... They've got bears in Equestria. Fluttershy is besties with one. Twilight has seen her manhandle him.

I'm more worried if it accidentally crashes into a nearby system. Murphy's law and all, though don't think it would happen for a while yet.
But nuclear weapons! *gasp* maybe even Giant Laser Dish of doom!

Don't look at me like that. It could happen.

5706751 Shit. I'm pretty sure an impact large enough to obliterate a significant portion of the middle east would crack the planet in half.

5707254 Damn Jupiter wasn't doing it's job as the Solar Systems Tank, and Saturn may be off-Tank but he sucks at it and had IRL stuff to do that day.

5707361 Earth wasn't even in the raid group! It's the Systems banker planet and it still got ganked, I blame PVP. I'm looking at you Beatlegeuse.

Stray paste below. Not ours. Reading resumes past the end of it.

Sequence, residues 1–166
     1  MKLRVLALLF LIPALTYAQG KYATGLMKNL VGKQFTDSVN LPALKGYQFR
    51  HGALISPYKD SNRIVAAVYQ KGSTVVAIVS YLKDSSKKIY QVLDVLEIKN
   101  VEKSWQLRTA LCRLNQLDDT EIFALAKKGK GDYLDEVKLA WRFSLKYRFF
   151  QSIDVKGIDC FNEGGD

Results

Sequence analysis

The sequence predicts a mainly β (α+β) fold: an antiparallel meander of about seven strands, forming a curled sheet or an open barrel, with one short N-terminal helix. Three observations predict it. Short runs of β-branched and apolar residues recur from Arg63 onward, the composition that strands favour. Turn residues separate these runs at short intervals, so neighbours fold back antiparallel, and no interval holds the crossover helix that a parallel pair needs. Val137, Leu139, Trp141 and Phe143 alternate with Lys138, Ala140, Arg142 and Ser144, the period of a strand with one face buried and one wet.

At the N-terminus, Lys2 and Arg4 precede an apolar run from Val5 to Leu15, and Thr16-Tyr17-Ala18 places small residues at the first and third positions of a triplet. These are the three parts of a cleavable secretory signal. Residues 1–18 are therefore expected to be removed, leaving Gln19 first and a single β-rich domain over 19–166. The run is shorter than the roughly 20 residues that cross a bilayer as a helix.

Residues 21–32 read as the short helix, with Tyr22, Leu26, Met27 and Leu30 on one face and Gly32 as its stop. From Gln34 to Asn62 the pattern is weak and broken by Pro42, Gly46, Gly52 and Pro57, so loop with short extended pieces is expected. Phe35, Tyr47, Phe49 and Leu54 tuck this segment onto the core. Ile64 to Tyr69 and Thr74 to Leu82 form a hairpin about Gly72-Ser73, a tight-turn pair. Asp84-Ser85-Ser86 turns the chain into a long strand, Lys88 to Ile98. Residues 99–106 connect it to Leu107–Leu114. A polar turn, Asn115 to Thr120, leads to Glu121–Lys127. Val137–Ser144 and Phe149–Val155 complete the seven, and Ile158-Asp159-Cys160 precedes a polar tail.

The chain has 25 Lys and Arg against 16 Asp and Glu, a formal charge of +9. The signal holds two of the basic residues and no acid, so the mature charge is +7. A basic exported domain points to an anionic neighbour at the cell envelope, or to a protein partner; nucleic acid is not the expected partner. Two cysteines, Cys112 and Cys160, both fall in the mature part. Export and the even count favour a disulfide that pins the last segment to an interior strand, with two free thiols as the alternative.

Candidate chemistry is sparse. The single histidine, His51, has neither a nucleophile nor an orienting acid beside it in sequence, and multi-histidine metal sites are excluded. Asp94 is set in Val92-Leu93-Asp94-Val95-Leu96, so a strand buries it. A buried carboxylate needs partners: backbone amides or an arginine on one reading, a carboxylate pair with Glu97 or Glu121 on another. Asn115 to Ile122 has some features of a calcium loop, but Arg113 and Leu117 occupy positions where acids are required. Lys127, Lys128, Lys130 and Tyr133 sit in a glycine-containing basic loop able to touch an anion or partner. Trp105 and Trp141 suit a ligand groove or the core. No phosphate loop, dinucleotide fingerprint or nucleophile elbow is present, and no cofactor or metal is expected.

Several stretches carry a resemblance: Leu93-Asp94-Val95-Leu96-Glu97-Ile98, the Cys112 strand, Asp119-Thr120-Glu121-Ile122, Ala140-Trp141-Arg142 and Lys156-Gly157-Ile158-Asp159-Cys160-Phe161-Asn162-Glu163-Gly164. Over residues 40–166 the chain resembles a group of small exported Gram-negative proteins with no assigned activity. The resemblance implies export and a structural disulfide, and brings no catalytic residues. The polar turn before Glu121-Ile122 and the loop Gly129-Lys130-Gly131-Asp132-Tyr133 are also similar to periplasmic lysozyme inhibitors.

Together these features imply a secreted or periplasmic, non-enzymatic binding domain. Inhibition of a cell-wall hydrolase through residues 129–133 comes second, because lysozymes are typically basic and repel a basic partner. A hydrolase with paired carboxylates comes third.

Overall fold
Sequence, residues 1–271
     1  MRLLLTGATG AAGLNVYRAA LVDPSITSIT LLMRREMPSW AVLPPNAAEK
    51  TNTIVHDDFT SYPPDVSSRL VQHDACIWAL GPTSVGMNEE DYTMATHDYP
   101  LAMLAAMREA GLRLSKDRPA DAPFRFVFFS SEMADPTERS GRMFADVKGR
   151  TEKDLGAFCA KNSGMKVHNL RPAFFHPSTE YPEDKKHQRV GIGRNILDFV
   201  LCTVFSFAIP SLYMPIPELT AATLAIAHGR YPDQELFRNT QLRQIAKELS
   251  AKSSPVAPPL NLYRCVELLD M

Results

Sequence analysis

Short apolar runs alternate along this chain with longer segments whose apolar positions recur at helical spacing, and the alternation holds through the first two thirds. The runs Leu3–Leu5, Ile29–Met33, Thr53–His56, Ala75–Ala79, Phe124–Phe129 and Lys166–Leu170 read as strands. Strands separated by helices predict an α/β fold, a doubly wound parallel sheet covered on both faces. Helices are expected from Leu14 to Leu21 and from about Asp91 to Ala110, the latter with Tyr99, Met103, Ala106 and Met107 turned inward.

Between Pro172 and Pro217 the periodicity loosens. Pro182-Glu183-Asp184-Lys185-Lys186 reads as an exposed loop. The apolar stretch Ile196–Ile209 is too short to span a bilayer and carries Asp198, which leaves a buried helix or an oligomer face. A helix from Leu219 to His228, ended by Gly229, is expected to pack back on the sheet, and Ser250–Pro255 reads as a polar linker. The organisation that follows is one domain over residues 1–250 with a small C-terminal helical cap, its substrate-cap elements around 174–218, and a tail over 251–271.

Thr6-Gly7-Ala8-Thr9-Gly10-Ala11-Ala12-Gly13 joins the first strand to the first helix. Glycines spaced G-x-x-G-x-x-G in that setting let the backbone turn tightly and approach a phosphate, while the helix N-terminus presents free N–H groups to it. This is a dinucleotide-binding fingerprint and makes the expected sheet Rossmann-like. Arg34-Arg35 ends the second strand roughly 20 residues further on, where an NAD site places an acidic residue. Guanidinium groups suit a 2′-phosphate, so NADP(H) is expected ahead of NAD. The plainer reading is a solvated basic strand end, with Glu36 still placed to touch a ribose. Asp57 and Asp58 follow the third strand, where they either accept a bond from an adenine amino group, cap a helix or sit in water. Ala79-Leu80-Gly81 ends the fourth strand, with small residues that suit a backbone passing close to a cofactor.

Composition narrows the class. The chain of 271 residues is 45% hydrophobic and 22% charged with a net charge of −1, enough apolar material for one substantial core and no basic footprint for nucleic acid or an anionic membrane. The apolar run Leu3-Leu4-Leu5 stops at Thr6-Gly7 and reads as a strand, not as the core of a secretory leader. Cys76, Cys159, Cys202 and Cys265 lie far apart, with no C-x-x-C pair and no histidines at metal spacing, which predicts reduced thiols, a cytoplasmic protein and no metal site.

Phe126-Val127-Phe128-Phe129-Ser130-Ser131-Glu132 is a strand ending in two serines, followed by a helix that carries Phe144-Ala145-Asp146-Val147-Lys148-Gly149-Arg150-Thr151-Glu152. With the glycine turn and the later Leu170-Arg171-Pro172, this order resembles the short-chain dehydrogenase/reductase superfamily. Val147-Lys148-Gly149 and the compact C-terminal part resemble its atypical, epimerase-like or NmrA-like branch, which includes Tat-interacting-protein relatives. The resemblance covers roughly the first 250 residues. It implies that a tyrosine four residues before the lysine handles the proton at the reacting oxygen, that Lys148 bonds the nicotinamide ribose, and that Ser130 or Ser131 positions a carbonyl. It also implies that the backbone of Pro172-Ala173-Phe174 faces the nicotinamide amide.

This was a fun read, and I love how you left the truth of what happened up to the reader::scootangel:

Twilight nodded. “But that wouldn’t account for the radioactive elements.”
“Correct. The radioactive elements were released when nuclear power plants and weapons were destroyed following the impact.

Oh really now?:duck: Or how about:

a land mass known collectively as the Middle East. In reality, most of that landmass was gone, replaced by a massive water filled crater from where the comet impacted. Twilight tried to remember the names of the countries that once existed where the comet landed: Israel, Lebanon, Jordan, Syria, Iraq, Iran, Qatar, and Turkey.

Yes, the earth was surprised by a "comet" one of the brightest objects in the sky. Oh, and this "comet" which could have impacted anywhere on a globe that is 70% water just happened to hit the 30% that was land, and in that small area, it "just happened" to hit the middle east. It's a complete accident that the most unstable part of the world turned into a enormous crater that filled the atmosphere with radioactivity leftover from nuclear weapons.

Yeah... :unsuresweetie: